BY XOLISANI NCUBE/VENERANDA LANGA/FARAI MATIASHE
The Zimbabwe government has approached its South African counterpart to assist with sniffer dogs to locate victims of Cyclone Idai still buried under mudslides as it emerged that local dogs were not trained to search for dead bodies.
Around 350 people are still missing amid fears that many of them were still buried under the mudslides after the cyclone ravaged Chimanimani and Chipinge sweeping away homes and uprooting huge rocks from the nearby mountains.
Briefing journalists and captains of industry in Harare yesterday, Local Government minister July Moyo said rescue operations were ongoing.
“We are now educated that sniffer dogs can sniff for gold, can sniff for mbanje or other drugs, but there are specially trained ones which can sniff for dead bodies and those ones we generally don’t have them in Zimbabwe. Therefore, we are getting assistance from our neighbour in South Africa,” Moyo said.
“We expect that the first team should be arriving anytime between now and 12pm midday (yesterday) and the other team, was still mobilising to send more people to come here.
They will have four teams to be deployed together with our police and army units who are already in the area. Because we believe a lot of people are buried there, these sniffer dogs have become more important.”
An entire growth point and nearby suburb with more than 80 houses at Dzingire, popularly known as Kopa in Chipinge, was swept away by tropical Cyclone Idai floods.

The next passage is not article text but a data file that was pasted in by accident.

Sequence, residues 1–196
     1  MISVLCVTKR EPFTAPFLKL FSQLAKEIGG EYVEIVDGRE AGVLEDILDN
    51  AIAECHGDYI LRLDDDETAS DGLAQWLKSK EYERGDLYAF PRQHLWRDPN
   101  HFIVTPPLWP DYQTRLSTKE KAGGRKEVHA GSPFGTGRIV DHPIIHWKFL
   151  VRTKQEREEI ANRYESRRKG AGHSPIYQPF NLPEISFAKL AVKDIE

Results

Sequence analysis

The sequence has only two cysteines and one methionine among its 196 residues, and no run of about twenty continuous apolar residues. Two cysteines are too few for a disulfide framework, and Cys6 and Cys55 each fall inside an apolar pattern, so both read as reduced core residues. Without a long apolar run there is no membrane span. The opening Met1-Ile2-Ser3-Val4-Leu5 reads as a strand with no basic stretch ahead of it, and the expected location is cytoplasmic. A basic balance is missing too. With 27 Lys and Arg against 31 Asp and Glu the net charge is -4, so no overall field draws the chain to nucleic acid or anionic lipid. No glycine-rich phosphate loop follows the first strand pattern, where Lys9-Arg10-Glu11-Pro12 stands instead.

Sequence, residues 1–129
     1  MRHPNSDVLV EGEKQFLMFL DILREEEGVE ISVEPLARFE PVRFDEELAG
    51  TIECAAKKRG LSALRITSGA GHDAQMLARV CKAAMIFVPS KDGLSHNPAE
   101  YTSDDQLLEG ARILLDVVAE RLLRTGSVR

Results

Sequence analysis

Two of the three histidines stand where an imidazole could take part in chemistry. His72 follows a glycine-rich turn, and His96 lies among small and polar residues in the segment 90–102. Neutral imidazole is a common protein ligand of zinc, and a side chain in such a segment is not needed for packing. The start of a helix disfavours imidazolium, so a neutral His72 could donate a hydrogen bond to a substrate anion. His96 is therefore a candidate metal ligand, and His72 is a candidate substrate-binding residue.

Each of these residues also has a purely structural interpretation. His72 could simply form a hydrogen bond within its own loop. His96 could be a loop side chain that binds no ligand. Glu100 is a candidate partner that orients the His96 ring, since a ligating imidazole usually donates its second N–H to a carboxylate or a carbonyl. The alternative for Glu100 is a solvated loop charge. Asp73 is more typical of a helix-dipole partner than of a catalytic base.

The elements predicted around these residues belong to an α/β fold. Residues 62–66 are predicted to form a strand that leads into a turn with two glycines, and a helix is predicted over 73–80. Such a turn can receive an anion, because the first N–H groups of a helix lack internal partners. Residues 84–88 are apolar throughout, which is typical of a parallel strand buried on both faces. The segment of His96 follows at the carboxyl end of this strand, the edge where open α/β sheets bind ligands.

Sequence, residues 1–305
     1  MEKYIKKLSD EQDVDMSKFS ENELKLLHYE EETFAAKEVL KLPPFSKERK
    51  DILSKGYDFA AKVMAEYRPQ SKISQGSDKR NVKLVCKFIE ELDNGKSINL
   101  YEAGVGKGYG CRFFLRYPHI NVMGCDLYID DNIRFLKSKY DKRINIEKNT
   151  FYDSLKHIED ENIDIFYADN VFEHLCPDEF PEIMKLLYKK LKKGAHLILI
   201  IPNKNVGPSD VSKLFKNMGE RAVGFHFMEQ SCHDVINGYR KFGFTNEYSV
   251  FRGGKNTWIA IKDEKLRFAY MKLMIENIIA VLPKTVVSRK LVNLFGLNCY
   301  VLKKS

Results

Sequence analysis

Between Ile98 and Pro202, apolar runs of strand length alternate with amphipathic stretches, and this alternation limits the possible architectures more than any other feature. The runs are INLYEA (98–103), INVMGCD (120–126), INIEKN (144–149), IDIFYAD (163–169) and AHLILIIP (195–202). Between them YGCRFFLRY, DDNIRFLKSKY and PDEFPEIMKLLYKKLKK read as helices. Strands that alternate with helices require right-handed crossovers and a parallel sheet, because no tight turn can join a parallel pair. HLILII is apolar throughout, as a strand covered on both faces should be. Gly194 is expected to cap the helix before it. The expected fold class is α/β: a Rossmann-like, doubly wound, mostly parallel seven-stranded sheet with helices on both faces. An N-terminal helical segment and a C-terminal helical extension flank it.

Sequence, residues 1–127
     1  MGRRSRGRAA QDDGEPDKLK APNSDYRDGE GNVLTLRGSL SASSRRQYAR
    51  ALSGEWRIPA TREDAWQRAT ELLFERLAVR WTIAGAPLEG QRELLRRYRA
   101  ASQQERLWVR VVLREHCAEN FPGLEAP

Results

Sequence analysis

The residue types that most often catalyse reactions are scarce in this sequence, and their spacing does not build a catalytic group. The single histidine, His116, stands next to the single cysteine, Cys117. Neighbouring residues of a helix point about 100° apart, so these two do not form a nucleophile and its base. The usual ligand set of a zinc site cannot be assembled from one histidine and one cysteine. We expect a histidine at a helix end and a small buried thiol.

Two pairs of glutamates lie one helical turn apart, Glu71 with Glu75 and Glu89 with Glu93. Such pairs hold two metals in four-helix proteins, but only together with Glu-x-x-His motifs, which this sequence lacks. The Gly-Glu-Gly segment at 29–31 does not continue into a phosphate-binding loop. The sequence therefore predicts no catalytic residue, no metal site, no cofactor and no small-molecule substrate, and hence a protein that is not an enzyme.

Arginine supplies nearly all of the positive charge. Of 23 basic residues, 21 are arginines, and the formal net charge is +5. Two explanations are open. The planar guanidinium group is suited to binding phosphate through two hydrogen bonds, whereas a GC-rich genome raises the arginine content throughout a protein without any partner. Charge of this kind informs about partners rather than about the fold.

“We still have not accounted for all because we still have a large number that is missing,” Moyo said.
“We think we are still missing some who have not been reported as missing. We also suspect that those who are missing from families are buried under avalanches, the mudslides which came from the mountains. These include heavy stones that have replaced what used to be residential areas.”
Moyo said so far rescue operations had managed to open roads to reach the affected people, but more needed to be done because only selected vehicles could access the damaged roads.
He said most of the affected families had been attended to, stating that reports of politicisation of food aid were disturbing.
Although observing that some of the reports were sensationalised, he could not defend Zanu PF councillors who were named to be dishing out donated food aid on political grounds saying as far as he was concerned such acts were not permissible.
He, however, defended the Chimanimani West MP Nokuthula Matsikenyere, saying she was not involved in the alleged mischief.
The minister revealed that MDC officials such as Brain James (former Mutare mayor) were involved in the rescue mission and their activities were above board.
“Yes, you have seen reports that Zanu PF (is grabbing aid), that cannot be a thing that is allowed,” Moyo said.
He suggested that Zanu PF officials were trying to help transport the foodstuffs to affected communities as they had vehicles that could reach the areas, but was quick to say a directive had been given to government officials not to use political offices to distribute donations because this had the potential of affecting relief efforts.
Later, Moyo released a statement in Senate, revealing that the confirmed deaths still stood at 179, much lower than the 259 given by the International Organisation for Migration (IOM) last week.
“The official death toll is 179 and those that are missing (are) now at 349 and this information is coming from civic leaders, non-governmental organisations, village heads, school heads and ordinary people,” Moyo said.
He said some of the trapped bodies at Kopa could be of banana traders.
“We are working with the Ministry of Higher Education and the National University of Science and Technology to help us with DNA tests to identify bodies exhumed from the rubble,” he said.
Moyo also reported that the World Food Programme has now brought in larger planes which can carry 26 tonnes to the 23 heavily affected areas.
Most of the food was being stored at World Vision warehouses in Mutare, the minister said.